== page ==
Let’s get the basics. Name, where you are from, and your current affiliation and advisor?
My name is Aspen Anderson and I am originally from Colorado, USA. I received a BSc in Geophysical Engineering from the Colorado School of Mines. I am currently a Ph.D. candidate with Dr. Diana Allen at Simon Fraser University in Vancouver, BC.
What is the research you are currently working on?
My Ph.D. research focuses on fresh groundwater availability in coastal deltas. Many cities that are built on coastal deltas, like Vancouver, rely on groundwater to meet freshwater demand. My research uses numerical modeling to understand what geomorphic conditions affect delta formation and how this ultimately impacts the groundwater system.
If you were not a young hydrologist, what would you be doing?
I have always cared strongly about the environment, but I also find myself really enjoying working with people and seeing the enjoyment someone gets when they are empowered to do something meaningful to them. I think I would have enjoyed teaching younger children, especially in an outdoor setting. Alternatively, I find the science of exercise and nutrition really fascinating!
What got you started on this current research? Was there some epiphany or light bulb moment?
When I started as a graduate student, I knew I wanted to work on a hydrogeological project that involved a dynamic system but also had large societal implications. When Dr. Allen suggested I look into coastal deltas, I was immediately captivated. Physically, there is so much going on in a delta; the integration of geomorphology, surface hydrology, hydrogeology, subsidence, sea-level rise, anthropogenic influences, and climate change make deltas some of the most interesting landscapes in the world (in my mind)! On top of all that, these landforms are important agricultural hubs and provide some of the largest fisheries. I think there is a lot of very cool research out there, but I have developed a soft spot for deltas over the past 5 years!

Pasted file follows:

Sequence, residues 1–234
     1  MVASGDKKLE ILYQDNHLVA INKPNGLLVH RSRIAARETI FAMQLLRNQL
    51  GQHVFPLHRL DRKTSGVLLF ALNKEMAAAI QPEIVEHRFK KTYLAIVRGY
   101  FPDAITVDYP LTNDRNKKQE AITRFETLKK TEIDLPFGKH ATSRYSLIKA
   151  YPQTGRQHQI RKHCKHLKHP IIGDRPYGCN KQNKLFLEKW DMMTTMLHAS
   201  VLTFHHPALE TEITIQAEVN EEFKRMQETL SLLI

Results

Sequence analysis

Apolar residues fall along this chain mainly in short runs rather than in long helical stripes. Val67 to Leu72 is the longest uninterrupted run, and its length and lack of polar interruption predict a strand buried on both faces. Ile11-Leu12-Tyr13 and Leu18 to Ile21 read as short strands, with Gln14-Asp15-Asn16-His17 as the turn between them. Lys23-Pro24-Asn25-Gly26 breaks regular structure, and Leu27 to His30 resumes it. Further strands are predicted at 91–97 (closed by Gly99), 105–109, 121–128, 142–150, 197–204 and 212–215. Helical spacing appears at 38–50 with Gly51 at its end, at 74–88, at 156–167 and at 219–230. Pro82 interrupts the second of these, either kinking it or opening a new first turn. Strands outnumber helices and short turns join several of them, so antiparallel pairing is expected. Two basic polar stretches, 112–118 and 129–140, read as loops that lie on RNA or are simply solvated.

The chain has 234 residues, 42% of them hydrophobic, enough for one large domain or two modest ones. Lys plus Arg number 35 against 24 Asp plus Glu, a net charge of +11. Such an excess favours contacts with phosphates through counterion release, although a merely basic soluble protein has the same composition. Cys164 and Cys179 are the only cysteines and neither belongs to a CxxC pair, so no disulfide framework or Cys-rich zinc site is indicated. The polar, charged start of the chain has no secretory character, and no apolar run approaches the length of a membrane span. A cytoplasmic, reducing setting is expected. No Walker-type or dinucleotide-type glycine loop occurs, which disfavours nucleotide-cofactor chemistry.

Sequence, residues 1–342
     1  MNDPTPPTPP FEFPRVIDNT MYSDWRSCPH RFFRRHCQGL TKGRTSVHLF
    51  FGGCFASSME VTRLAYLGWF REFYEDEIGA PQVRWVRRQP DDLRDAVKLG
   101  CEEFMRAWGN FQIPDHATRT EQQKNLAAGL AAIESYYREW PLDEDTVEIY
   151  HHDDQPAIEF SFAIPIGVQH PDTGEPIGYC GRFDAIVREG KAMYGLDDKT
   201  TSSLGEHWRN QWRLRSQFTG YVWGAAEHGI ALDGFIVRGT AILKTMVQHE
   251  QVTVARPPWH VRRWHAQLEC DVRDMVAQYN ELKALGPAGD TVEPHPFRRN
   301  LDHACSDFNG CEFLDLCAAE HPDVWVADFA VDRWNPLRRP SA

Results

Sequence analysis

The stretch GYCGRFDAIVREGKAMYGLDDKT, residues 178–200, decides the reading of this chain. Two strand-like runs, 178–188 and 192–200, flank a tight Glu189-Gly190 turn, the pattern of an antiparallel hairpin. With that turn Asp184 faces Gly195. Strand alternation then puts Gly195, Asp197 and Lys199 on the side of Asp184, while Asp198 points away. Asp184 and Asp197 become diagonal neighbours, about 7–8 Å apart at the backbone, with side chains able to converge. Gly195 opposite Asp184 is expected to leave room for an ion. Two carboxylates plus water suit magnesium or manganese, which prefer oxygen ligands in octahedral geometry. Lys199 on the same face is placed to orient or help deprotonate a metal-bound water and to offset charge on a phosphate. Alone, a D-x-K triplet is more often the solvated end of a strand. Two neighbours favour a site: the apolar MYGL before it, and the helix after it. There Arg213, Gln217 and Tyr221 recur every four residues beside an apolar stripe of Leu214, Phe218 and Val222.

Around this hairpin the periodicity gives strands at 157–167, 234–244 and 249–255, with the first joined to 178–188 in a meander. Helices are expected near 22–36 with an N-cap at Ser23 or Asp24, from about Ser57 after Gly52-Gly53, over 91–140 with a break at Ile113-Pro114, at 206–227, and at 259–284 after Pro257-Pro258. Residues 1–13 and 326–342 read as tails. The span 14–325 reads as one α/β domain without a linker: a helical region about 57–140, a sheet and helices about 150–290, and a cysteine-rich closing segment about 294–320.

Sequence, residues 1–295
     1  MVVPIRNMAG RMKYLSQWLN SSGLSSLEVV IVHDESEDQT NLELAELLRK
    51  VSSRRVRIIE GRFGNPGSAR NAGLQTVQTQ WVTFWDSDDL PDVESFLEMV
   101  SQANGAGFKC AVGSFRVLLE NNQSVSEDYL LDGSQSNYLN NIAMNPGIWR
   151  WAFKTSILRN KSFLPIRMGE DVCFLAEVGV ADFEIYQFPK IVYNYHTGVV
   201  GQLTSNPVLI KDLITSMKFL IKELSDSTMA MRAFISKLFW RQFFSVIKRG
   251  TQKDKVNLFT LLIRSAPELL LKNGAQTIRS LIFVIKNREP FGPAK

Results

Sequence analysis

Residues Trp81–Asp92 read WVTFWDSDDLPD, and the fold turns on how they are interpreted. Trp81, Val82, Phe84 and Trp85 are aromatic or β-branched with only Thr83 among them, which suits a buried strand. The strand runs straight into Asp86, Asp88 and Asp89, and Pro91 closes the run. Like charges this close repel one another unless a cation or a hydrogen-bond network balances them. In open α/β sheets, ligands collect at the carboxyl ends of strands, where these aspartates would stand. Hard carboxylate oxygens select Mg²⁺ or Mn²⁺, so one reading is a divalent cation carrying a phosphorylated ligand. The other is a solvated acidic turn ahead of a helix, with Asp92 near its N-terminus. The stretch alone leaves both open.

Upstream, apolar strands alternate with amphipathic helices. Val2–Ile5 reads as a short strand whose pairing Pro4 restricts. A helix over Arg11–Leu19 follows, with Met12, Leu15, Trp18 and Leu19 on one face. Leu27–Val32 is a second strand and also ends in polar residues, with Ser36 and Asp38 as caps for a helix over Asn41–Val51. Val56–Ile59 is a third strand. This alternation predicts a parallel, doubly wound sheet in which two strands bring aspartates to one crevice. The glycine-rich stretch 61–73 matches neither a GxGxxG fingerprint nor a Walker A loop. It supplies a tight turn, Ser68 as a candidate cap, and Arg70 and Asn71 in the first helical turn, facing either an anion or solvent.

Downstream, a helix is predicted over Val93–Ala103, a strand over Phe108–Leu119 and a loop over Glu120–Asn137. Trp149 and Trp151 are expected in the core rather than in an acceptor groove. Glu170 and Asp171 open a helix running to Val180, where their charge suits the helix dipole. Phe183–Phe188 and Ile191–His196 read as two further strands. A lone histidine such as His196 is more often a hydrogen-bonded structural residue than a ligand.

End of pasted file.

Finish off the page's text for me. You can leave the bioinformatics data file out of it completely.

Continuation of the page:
What’s your dream job, academic or otherwise?
My dream job is getting to work on water supply issues that directly impact people. I enjoy the scientific side of water-related problems but am also interested in the policy and societal implications of water. I think there are a lot of problems arising around water supply that need to be addressed, both on a small scale and globally. These problems will only become more apparent in the future and I am excited to be a part of finding solutions!
What is your favorite non-traditional source of science news (blog, podcast, etc)?
I receive a ScienceAlert in my email every morning. The email features 5 or so of the most recent scientific discoveries written in a way that anyone can understand. I enjoy reading about the new advancements in all fields of science as well as observing the communication techniques that these articles use and how I can apply some of those strategies to my own science communication.
Who is your role model in science and why? What makes you admire them?
Do I have to just pick one? Although I have many people who have served as scientific role models, my two most important influences are Dr. Steve Anderson and Dr. Terri Houge. Dr. Anderson is actually my father and has been so supportive every time I call home regardless of if I have a problem or success to share. He loves his job and reminds me every time why I love science and how fun it is to share that with others. Dr. Terri Houge was one of my first research advisors. I learned a tremendous amount from her and can’t thank her enough for the opportunities she provided. My love for hydrology and how science integrates with society is in large part due to her.
Check out Aspen’s group webpage for more information.